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NHS “Reform”

February 22, 2011

The opposition to the pending NHS reforms has been fairly resounding from all quarters; even David Cameron’s own Cardiologist brother-in-law has spoken out to condemn them. Anyway for those people who don’t know anything about how the NHS works here is a – by no means comprehensive or infallible – list of people who don’t support the reforms and some reasons why that might be. Please feel free to criticise or dismiss or add more as you wish.

1. General Practitioners

On the one hand you might be mistaken for thinking that GPs were the winners in this situation, what with GP Commissioning promising bigger budgets, more power, more autonomy and potentially bigger salaries. This isn’t the case, and in reality GPs – who were savvy enough to get a very lucrative deal out of the government last time round – are mostly opposed to the changes.

Many GPs don’t like the reforms because they mean taking on more responsibilities they haven’t been trained for and don’t feel capable of handling. Many GPs don’t like the reforms because they recognise that since the minimum size for an effective GP Commission is 250,000 potential patients, they will inevitably end up re-emplying the NHS managers to do the jobs they already do. Many GPs worry that without the protective shield of NICE to limit their prescribing this system will inevitably end up damaging the doctor-patient relationship. But the main reason that most GPs don’t like the idea of the reforms? It’s because they recognise that these reforms are simply a precursor for the already-announced looming cuts to NHS spending and, when the quality of services provided under the NHS drops, they will be scape-goated for these short-comings by the politicians.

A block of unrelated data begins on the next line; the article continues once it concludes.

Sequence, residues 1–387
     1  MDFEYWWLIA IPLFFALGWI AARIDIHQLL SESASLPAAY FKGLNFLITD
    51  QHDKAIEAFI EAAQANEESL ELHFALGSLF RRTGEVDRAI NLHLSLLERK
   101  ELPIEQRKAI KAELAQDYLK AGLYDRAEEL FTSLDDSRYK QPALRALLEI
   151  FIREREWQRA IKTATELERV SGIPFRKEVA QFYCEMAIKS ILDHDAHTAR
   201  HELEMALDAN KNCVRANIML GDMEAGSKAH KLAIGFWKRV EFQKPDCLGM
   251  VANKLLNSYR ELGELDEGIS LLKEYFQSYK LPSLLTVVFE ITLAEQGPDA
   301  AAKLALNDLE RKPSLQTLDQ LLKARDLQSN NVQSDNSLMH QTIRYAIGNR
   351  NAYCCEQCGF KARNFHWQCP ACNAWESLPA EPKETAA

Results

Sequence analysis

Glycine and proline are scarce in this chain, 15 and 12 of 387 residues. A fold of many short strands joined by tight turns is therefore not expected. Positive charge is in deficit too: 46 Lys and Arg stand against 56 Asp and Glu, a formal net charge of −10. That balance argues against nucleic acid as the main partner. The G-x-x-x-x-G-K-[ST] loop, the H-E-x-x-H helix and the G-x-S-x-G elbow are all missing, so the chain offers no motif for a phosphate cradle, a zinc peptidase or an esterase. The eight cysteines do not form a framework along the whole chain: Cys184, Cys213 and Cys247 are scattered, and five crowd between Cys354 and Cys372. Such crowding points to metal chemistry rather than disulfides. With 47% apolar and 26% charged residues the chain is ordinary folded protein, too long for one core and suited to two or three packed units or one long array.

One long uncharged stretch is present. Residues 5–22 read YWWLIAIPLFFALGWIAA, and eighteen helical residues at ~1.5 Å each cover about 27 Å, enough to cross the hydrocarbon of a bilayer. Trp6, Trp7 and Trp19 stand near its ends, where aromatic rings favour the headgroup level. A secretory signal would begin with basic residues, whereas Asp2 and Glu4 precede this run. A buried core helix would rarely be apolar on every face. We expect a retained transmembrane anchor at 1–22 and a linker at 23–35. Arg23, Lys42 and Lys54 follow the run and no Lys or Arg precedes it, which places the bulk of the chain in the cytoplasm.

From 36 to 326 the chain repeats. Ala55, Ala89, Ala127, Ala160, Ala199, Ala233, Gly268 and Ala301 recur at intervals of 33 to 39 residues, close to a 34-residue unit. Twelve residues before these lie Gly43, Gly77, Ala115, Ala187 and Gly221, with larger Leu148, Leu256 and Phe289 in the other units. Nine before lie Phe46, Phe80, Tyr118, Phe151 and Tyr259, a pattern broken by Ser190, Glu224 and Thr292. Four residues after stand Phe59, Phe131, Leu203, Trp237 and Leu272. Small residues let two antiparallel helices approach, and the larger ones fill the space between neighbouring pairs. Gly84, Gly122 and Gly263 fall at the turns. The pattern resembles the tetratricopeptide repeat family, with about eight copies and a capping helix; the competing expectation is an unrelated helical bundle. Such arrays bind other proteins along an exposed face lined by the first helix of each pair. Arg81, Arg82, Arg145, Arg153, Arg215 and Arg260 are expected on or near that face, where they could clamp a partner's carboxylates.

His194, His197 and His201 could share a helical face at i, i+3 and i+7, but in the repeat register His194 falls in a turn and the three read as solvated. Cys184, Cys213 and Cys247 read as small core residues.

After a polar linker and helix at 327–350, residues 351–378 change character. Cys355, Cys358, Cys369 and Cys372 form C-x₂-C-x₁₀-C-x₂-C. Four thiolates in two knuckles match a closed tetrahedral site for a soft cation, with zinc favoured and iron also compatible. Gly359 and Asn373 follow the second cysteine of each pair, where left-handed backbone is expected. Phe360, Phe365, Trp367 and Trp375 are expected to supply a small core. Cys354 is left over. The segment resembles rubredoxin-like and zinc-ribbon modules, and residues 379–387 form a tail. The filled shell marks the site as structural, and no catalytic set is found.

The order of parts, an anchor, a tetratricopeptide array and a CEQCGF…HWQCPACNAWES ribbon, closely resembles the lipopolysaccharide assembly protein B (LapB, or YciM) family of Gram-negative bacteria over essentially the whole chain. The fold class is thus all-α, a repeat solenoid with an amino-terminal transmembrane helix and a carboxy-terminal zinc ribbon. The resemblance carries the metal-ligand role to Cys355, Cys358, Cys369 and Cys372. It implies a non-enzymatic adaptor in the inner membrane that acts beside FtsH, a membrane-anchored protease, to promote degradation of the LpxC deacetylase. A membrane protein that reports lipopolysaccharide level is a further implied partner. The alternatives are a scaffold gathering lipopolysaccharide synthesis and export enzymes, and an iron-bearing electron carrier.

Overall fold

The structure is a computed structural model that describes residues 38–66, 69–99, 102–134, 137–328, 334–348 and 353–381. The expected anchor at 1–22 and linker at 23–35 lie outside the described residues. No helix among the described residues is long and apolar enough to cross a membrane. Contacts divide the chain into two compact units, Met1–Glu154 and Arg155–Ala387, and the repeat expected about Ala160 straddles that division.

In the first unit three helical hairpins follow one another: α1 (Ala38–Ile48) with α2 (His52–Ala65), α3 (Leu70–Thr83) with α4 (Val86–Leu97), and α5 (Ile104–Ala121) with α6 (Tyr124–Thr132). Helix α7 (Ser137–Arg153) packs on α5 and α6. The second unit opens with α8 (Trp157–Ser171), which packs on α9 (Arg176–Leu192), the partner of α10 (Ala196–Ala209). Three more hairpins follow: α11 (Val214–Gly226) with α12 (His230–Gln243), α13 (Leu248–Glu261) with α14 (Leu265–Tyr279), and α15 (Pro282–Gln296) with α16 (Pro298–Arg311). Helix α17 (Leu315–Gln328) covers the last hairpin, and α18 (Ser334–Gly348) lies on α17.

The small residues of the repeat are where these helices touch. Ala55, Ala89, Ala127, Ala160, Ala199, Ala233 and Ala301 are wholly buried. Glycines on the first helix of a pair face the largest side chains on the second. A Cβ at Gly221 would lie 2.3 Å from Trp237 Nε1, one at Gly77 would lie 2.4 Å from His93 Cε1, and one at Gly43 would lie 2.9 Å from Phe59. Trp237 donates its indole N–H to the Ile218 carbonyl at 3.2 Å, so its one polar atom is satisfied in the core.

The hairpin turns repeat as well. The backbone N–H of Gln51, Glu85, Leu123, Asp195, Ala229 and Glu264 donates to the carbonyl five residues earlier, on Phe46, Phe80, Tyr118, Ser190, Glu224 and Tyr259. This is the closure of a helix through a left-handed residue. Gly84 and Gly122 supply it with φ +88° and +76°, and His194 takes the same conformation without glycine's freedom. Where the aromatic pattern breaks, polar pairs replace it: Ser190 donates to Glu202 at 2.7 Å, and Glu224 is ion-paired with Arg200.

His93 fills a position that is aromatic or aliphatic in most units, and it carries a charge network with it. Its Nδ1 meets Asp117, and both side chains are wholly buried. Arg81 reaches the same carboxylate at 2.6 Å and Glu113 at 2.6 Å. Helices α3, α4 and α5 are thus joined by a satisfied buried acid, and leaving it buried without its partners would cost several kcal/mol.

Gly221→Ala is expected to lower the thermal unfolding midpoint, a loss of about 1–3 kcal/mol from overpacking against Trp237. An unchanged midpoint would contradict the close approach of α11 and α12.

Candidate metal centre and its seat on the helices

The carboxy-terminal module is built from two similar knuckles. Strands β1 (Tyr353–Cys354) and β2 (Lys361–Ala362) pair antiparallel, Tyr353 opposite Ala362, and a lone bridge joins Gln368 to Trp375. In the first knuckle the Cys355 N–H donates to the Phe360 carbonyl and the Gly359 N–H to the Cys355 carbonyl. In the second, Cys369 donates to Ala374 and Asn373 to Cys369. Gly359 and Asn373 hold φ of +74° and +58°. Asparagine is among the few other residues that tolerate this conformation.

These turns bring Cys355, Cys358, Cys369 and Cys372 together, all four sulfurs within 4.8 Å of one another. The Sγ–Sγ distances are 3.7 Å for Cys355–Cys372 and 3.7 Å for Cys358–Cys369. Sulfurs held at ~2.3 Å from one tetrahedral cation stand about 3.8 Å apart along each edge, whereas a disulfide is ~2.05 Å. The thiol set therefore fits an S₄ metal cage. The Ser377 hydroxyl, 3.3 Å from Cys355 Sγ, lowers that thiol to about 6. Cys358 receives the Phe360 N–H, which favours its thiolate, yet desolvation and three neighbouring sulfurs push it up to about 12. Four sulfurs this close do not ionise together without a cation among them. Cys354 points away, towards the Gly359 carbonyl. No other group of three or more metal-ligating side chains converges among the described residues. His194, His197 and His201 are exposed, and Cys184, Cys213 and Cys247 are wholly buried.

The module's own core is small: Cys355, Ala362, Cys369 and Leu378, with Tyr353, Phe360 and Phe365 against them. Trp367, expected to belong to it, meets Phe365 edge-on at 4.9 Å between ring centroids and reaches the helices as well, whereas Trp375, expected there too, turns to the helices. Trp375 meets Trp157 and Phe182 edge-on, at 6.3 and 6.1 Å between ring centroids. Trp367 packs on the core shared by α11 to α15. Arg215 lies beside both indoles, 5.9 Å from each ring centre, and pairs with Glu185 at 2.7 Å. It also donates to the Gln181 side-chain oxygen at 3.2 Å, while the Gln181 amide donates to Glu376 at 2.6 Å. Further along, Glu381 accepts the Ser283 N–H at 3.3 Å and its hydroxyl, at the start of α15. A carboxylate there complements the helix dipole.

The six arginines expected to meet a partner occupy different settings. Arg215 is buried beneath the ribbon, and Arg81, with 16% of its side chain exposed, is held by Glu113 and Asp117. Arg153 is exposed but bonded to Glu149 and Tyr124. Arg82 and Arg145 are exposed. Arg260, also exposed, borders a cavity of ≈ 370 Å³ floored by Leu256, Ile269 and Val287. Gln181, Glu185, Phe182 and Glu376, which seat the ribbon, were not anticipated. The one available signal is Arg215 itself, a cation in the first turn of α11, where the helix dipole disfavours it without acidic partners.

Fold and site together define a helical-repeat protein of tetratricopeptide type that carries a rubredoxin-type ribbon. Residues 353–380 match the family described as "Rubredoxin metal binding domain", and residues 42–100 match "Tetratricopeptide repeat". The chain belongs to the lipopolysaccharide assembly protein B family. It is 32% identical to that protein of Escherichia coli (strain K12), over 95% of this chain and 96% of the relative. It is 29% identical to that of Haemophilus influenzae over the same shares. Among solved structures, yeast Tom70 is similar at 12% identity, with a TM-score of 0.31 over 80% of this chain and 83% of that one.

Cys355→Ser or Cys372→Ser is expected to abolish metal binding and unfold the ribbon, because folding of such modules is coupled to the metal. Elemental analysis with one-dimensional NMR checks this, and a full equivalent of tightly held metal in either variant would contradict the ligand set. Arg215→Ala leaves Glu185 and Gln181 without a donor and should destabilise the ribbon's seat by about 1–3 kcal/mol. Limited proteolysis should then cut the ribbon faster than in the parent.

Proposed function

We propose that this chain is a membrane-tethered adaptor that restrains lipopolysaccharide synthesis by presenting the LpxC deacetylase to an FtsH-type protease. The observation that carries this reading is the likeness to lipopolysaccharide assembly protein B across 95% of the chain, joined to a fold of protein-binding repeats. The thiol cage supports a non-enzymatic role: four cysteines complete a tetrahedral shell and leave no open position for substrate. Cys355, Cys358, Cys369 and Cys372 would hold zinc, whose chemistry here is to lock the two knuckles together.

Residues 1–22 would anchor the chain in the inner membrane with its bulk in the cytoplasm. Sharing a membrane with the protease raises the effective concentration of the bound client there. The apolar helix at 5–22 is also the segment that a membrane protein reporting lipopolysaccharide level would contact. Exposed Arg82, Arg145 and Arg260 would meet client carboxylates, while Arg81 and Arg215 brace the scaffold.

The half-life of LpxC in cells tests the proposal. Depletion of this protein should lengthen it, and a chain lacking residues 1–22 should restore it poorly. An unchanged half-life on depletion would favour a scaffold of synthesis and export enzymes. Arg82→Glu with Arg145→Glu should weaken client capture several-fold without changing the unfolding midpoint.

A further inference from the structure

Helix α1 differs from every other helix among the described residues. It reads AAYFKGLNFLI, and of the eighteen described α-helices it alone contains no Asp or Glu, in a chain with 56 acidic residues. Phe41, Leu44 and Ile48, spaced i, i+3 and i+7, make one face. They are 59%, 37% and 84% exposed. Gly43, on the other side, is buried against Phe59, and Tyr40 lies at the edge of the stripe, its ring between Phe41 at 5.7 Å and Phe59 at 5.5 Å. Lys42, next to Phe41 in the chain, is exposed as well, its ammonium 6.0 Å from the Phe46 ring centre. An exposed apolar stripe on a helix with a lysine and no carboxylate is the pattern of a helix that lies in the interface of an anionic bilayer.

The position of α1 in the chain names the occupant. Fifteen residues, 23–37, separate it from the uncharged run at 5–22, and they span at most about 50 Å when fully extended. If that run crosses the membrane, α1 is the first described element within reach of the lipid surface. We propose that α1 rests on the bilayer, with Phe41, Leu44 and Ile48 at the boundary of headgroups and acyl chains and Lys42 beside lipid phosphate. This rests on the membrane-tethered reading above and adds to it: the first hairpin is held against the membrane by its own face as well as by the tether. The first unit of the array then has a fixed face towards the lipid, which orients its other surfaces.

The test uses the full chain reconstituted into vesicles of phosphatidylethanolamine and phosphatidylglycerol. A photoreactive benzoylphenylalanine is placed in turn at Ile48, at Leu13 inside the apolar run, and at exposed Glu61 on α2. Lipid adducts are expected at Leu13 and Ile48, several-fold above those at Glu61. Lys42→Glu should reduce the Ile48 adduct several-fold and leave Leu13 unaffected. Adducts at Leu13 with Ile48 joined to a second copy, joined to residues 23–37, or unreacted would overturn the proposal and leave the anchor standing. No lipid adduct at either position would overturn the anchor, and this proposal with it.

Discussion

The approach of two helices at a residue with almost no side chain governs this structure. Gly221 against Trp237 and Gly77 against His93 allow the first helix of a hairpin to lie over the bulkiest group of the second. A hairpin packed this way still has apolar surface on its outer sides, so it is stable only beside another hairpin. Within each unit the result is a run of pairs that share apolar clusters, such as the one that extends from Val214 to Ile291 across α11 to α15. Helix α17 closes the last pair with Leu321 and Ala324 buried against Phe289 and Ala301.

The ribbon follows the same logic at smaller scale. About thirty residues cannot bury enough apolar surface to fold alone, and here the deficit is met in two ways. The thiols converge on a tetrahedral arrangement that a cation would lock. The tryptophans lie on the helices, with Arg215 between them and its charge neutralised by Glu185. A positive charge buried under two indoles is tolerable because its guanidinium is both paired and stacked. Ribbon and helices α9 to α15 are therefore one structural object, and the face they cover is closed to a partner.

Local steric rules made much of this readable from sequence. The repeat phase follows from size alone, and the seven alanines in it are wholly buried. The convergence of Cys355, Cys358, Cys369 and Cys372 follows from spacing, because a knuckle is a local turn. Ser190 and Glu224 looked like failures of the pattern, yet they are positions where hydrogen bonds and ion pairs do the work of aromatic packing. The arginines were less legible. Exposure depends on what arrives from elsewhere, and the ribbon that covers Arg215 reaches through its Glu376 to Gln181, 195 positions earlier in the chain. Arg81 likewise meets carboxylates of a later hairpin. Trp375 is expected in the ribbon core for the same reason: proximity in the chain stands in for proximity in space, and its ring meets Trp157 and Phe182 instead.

2. Hospital Doctors

Hospital Doctors, for the most part, don’t like the proposed reform for a simple reason: They don’t trust GPs to spend the money they’re given wisely. Some of the more altruistic among them may worry about the effects on the service they can offer. In reality their jobs probably won’t change much; the cuts to the NHS may have some impact on their salary but they will be able to make this up (and more) by supplementing with work in the private sector.

3. NHS Managers

Unsurprisingly the managers don’t like the idea that they will lose their jobs (even if they will probably be hired again), but they could also probably legitimately argue that this process will be costly and, certainly in the short term, inefficient.

4. Economists and Politicians

Well it’s kind of the Opposition’s job to be opposed to these things, but the when members of the cabinet and right and left wing think-tanks come out and say they don’t support the reforms then you kind of have to listen. To summarise the reason these guys don’t support the reforms is pretty simple: They think they will cost a lot of money to implement and they won’t improve services. Pretty simple, but from the look of things they might just be right.

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